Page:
Minoan considers travel and leisure spin-off

Minoan considers travel and leisure spin-off

Scottish travel group Minoan is continuing talks with potential collaborators amid reports that its plans for a new resort in Crete have been approved.

However, the parent company of travel agencies Stewart Travel, John Semple Travel and King World Travel revealed that it was considering a possible spin-off of its travel and leisure division.

Greek Media has reported the dismissal of appeals against a presidential decree approving the development in Crete.

If confirmed, this will be a “transformational event” for the company.

The company said: “Discussions continue with various potential partners including, hotel operators, joint venture partners, financiers and investors to consider the best route for the project to deliver maximum value for shareholders.”

Minoan chairman, Christopher Egleton, said: “On the assumption that the reports in the Greek media are correct, the next 12 months are likely to the most value enhancing in the group’s history.”

The travel and leisure arm delivered earnings [EBITDA] of £715,000 despite the negative impact of the Brexit vote “which caused an immediate and significant short term drop in business, exacerbated by a 50% drop in Turkish travel following terrorist activity”.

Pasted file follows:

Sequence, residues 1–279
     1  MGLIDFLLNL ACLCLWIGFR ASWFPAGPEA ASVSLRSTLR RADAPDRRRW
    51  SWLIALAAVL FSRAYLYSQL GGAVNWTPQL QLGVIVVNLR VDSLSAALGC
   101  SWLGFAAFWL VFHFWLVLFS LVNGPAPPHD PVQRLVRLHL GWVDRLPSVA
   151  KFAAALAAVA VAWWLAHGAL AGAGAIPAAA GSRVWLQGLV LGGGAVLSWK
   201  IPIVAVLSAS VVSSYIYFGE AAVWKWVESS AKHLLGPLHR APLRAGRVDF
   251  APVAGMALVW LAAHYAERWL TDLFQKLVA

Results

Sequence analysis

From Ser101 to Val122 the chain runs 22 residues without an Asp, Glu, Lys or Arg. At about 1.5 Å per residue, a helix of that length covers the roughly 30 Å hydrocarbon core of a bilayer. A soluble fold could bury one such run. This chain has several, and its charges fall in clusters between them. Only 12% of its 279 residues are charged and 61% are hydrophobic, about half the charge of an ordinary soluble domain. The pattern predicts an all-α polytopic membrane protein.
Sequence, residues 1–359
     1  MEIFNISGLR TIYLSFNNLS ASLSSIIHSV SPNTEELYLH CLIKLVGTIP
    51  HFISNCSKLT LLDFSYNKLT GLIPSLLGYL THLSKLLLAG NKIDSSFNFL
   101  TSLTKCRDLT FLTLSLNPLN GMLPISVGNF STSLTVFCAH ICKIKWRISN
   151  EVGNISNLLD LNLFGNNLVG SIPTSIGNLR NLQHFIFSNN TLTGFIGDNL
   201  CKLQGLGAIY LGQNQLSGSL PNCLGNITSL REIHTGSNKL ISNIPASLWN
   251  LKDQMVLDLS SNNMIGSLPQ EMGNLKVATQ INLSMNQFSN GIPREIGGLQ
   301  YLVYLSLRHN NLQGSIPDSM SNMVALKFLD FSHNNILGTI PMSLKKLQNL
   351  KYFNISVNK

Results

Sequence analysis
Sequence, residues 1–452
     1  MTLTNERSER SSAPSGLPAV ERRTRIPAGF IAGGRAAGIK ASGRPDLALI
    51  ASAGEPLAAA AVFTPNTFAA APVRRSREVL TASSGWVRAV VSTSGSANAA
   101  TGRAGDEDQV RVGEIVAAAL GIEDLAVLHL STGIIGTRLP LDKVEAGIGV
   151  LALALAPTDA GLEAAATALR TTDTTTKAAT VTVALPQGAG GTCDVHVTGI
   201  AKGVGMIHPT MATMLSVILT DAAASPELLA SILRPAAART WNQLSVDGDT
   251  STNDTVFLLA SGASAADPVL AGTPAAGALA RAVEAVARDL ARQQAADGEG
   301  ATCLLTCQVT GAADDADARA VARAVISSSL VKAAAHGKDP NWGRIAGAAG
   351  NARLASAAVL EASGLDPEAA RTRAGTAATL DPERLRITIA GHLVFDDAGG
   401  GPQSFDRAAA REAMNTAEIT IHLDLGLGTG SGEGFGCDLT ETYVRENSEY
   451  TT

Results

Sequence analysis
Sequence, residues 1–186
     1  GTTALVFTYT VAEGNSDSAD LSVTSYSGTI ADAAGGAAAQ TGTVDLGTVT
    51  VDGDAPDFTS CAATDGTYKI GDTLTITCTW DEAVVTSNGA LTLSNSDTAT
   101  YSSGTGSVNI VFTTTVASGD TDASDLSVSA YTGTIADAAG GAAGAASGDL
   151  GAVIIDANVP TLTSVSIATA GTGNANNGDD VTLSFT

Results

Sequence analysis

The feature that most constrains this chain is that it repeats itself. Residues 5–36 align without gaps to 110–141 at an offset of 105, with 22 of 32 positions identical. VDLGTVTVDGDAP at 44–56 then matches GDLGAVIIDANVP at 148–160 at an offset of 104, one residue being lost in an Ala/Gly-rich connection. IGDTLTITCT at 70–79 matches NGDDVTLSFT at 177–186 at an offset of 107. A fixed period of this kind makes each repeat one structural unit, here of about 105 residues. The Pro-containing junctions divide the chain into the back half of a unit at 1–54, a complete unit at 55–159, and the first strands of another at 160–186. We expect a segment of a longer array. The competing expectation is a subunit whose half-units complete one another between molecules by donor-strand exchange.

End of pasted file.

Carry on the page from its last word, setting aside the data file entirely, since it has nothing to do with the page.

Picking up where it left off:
The division’s operating profit fell to £272,000 from £387,000 in the previous 12 months due to an increased depreciation charge.

The group reported total group transaction value up by over 11% to £67.8 million in the year to October 31, 2016 from £60.9 million in the previous 12 months.

Gross profits increased by 8% to more than £7 million from £6.5 million but operating losses increased by £247,000 to £788,000.

“The cost increase and consequent decrease in operating profit is in line with the group’s plan and is, in the main, a function of investing for growth in travel and leisure,” Minoan said.

This has been followed up by a strong start to the current year with commission earned up by 16%.

Egleton said: “In respect of travel and leisure, I have noted that the levels of organic growth remain healthy.

“However, in order to achieve major stepped growth in this division through acquisition, the board will continue to work with advisors in considering the possibility of a separation of travel and leisure from the rest of the group as well as other solutions.”

He added: “The delays suffered in Greece have also adversely affected the growth of travel and leisure where, for the past few years we have not been able to acquire a number of businesses, for fear of creating unnecessary dilution in the value per share expected from the [Crete] project.”

The company holds its annual meeting in London on April 27.

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